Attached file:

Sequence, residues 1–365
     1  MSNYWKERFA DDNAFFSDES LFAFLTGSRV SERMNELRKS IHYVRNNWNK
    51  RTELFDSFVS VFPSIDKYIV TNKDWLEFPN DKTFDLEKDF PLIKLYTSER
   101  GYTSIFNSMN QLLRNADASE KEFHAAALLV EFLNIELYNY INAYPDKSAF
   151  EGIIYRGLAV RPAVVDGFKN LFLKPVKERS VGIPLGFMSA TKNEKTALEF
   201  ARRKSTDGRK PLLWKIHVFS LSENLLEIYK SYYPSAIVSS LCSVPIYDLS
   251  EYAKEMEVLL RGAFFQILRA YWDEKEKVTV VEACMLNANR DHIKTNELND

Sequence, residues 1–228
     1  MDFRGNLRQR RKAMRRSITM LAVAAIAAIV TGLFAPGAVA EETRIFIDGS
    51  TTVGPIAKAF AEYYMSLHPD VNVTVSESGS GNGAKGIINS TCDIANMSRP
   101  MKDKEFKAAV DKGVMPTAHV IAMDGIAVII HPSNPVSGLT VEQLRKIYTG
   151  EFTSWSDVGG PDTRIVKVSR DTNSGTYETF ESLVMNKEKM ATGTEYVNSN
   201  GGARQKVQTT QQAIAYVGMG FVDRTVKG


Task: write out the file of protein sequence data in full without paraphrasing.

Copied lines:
Sequence, residues 1–365
     1  MSNYWKERFA DDNAFFSDES LFAFLTGSRV SERMNELRKS IHYVRNNWNK
    51  RTELFDSFVS VFPSIDKYIV TNKDWLEFPN DKTFDLEKDF PLIKLYTSER
   101  GYTSIFNSMN QLLRNADASE KEFHAAALLV EFLNIELYNY INAYPDKSAF
   151  EGIIYRGLAV RPAVVDGFKN LFLKPVKERS VGIPLGFMSA TKNEKTALEF
   201  ARRKSTDGRK PLLWKIHVFS LSENLLEIYK SYYPSAIVSS LCSVPIYDLS
   251  EYAKEMEVLL RGAFFQILRA YWDEKEKVTV VEACMLNANR DHIKTNELND

Sequence, residues 1–228
     1  MDFRGNLRQR RKAMRRSITM LAVAAIAAIV TGLFAPGAVA EETRIFIDGS
    51  TTVGPIAKAF AEYYMSLHPD VNVTVSESGS GNGAKGIINS TCDIANMSRP
   101  MKDKEFKAAV DKGVMPTAHV IAMDGIAVII HPSNPVSGLT VEQLRKIYTG
   151  EFTSWSDVGG PDTRIVKVSR DTNSGTYETF ESLVMNKEKM ATGTEYVNSN
   201  GGARQKVQTT QQAIAYVGMG FVDRTVKG